This was not the way we expected to meet Saul again. Was this nascent version of the Saul Goodman we came to know in Breaking Bad born out of a search for how Jimmy will fill his time during his suspension? Or did you fall for the idea of star-wiping Saul and then figure out when and how to deploy him?
As a rule, we’re very, very linear in our thinking. And the way that this came about was really just by saying to ourselves, “All right, he can’t be a lawyer. What are the results of that?” And one result, our research told us, and Ann Cherkis, who wrote this episode, helped figure it out, is that he has to call or contact all his current clients and let them know that he can’t practice law. And then we thought, “He can’t advertise,’ and then it occurred to us that probably the way he would have bought his advertising was in a package because it’s cheaper that way. And it really took off from there. I can’t remember the exact moment of inspiration when we realized that he had become a TV commercial director-producer, but we were delighted by it, because of course that’s one thing that we’ve always known about Jimmy — he’s got this wonderful sense of showmanship, and all this salesmanship, so it just felt like a very natural thing. And, of course, what name is he going to use if he’s not going to use Jimmy McGill? We know in the past he’s used Saul Goodman. It always sounds so straightforward in retrospect, but I’m sure like everything on this series, it took us at least a week or two of banging our heads against the wall.
You and Vince initially thought we’d see Jimmy’s transformation into Saul Goodman in season 1, but ultimately you kept delaying it. And now we have at least an early version of him. What were some of the different ways of introducing Saul that you toyed with?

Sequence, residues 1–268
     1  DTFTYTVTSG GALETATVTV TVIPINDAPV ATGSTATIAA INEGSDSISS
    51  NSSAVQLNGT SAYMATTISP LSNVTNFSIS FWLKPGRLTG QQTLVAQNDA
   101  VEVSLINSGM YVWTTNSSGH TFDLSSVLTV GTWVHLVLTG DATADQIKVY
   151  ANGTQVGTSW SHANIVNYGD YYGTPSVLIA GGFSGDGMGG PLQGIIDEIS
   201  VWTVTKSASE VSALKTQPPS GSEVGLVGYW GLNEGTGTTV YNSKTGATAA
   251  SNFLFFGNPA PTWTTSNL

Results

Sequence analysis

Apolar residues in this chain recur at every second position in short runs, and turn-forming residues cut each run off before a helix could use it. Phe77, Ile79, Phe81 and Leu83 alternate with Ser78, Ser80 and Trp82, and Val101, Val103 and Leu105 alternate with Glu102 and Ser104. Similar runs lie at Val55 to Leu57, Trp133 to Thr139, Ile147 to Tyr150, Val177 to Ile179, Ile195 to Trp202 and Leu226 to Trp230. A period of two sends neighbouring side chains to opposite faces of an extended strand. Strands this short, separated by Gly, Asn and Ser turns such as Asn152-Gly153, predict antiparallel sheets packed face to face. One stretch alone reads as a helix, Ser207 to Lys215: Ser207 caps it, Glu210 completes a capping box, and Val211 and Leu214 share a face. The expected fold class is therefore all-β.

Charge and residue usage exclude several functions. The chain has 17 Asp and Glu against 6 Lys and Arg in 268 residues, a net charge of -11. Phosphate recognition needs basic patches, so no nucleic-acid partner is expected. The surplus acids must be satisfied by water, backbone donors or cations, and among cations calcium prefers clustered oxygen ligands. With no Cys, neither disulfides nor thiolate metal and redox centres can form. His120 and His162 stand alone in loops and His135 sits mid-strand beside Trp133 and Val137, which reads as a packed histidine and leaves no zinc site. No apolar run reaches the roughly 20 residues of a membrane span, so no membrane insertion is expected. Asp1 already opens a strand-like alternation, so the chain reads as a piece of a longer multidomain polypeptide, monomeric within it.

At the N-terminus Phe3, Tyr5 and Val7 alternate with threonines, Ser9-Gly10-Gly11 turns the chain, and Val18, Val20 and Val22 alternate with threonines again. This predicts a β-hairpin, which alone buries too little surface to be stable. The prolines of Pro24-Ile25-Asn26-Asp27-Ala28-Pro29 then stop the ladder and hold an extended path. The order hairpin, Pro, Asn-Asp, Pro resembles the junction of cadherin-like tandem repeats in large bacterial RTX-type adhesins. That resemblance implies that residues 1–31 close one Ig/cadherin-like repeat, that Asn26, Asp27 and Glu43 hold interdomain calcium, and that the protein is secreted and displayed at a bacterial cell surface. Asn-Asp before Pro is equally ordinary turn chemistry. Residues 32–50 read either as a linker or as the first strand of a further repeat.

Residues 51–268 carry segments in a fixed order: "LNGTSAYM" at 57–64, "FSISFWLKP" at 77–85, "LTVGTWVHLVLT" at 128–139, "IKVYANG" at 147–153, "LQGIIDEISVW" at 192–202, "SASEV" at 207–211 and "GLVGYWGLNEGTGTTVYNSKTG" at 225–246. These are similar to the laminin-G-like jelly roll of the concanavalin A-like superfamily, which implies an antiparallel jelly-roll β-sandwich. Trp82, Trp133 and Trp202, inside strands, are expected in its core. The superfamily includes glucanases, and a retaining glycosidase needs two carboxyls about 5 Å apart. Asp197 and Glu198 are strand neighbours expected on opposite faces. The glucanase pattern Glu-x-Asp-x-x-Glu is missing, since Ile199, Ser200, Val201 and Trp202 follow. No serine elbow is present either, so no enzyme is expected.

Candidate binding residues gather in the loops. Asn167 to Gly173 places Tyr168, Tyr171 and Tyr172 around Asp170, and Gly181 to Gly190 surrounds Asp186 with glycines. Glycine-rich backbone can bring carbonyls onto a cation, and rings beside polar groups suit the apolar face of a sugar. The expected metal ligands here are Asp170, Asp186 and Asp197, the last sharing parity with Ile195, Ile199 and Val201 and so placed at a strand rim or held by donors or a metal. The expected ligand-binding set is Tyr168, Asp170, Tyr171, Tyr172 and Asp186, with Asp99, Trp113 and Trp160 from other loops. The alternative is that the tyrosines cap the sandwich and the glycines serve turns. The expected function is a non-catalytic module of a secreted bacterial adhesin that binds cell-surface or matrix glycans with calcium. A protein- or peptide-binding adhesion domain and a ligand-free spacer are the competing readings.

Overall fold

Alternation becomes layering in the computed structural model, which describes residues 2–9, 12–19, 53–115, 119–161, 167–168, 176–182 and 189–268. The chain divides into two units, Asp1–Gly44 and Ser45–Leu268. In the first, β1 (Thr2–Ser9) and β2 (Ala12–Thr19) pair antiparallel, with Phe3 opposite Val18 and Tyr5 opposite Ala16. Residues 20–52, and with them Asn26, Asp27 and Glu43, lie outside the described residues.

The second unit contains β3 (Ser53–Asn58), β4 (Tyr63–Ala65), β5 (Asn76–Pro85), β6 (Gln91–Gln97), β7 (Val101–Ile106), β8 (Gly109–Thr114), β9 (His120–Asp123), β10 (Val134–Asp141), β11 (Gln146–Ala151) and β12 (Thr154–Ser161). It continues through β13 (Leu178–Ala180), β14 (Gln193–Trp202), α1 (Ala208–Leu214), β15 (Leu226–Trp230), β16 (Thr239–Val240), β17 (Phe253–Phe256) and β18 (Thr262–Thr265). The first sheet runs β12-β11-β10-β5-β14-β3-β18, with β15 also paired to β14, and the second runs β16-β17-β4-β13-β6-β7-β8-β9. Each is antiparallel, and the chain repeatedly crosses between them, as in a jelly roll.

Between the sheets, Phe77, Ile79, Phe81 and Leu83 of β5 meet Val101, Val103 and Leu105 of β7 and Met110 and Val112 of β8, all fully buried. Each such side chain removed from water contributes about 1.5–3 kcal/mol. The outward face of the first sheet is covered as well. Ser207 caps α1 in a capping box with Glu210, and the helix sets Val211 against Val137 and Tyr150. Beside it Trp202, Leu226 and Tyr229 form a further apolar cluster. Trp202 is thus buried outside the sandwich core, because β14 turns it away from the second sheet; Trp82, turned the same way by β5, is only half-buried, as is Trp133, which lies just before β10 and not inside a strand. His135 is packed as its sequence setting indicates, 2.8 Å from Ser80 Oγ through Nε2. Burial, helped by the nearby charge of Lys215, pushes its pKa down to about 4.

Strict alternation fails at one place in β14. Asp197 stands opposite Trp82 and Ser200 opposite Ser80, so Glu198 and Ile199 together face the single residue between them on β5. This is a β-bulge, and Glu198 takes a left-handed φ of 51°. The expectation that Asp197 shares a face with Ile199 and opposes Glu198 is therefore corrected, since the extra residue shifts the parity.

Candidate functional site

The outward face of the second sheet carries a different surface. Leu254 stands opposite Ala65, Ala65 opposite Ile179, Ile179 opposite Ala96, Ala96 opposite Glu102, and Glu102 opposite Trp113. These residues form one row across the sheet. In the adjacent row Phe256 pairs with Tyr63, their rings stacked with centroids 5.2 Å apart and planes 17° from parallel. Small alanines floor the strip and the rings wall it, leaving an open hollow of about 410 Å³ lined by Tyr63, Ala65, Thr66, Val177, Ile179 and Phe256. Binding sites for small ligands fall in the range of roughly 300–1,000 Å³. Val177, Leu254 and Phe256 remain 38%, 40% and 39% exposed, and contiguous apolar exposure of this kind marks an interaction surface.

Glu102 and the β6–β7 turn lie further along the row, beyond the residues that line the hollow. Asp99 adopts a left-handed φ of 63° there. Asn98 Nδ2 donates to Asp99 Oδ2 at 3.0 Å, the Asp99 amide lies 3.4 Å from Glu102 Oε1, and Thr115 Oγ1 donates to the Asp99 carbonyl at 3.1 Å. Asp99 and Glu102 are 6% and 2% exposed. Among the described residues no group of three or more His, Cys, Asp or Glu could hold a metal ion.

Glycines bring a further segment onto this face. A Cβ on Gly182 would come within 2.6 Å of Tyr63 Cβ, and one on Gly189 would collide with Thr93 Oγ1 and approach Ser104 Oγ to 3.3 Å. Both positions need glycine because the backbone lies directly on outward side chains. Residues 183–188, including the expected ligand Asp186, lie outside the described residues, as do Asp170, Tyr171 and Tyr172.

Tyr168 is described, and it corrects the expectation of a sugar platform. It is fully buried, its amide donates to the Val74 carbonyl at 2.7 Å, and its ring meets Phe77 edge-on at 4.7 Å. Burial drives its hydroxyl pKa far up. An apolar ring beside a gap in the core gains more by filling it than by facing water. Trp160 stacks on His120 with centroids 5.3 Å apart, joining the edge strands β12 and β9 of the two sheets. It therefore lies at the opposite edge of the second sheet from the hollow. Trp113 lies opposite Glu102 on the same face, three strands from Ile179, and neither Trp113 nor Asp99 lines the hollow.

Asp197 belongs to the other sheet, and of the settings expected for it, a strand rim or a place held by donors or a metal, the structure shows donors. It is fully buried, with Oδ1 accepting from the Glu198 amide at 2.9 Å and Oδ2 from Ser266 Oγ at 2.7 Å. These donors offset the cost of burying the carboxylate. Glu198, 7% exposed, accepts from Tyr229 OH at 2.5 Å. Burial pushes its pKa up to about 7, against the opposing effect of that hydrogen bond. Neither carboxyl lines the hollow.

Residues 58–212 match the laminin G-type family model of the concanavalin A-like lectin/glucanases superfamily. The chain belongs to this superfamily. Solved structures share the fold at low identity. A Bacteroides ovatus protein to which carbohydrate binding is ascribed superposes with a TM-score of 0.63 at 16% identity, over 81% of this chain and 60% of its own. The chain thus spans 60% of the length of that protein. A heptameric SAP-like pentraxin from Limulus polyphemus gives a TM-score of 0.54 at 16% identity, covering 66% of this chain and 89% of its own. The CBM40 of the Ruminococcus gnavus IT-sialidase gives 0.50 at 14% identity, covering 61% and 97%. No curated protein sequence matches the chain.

I don’t want to reveal too many of our ideas because we may still do a lot of them. [Laughs.] The question that we’ve come around to is: What does it mean to be Saul Goodman? We’ve always said that the arc of this show is how Jimmy McGill becomes Saul Goodman. And now we’ve seen him call himself Saul Goodman, but is he really Saul Goodman? What does it mean to be Saul Goodman? To us, looking back on it, it’s more than just changing your name, and maybe even more than having that crazy office with the columns and the Constitution on the wall. Maybe the thing that seems most distant from Jimmy is Saul’s willingness to just roll over the welfare of other people for his own purposes. Saul Goodman, when we first meet him on Breaking Bad, is perfectly willing to suggest murder as a business strategy. I don’t think Jimmy McGill or even this version of Saul Goodman — that would be far, far outside his scope. So even though he’s calling himself Saul Goodman at the end of this episode, I think we’ve got a ways to go.
How seriously does he take this new vocation as TV director/ad man? And how long do we follow him on this specific journey of hustling for ad time to pay his office rent?
He’s got a real problem, which is he’s got thousands of dollars to recover here. And that money means an awful lot to him. But what means even more to him is that office. The office that he has with Kim. If you cast your mind to season 1, Jimmy proposes to Kim that they have an office together, and I use the word proposes advisedly, and it feels so much like a marriage proposal that she declines, and he is so crushed by his inability to get that office. I feel that somehow in Jimmy’s mind, having this office with Kim is linked intimately with the romance that he has with Kim. So the question is: How far is he willing to go to keep that office? And how far is he willing to go to keep that relationship with Kim Wexler? And I would say he’d go pretty far, because this seems to be the most important thing in his life.